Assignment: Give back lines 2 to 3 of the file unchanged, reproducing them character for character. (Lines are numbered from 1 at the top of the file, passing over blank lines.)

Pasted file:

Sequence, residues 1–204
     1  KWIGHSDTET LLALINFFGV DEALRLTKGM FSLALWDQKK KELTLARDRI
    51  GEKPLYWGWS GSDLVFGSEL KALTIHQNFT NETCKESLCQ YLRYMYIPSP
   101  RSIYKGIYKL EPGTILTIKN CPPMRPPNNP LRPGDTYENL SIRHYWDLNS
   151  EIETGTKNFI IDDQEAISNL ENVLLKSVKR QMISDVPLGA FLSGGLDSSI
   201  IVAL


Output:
     1  KWIGHSDTET LLALINFFGV DEALRLTKGM FSLALWDQKK KELTLARDRI
    51  GEKPLYWGWS GSDLVFGSEL KALTIHQNFT NETCKESLCQ YLRYMYIPSP